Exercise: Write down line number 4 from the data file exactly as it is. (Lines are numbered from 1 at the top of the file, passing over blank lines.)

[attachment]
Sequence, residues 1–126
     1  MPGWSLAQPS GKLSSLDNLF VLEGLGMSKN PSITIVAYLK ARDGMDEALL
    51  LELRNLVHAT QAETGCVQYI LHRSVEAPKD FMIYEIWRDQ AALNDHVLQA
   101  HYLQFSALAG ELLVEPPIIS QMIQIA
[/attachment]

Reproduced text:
   101  HYLQFSALAG ELLVEPPIIS QMIQIA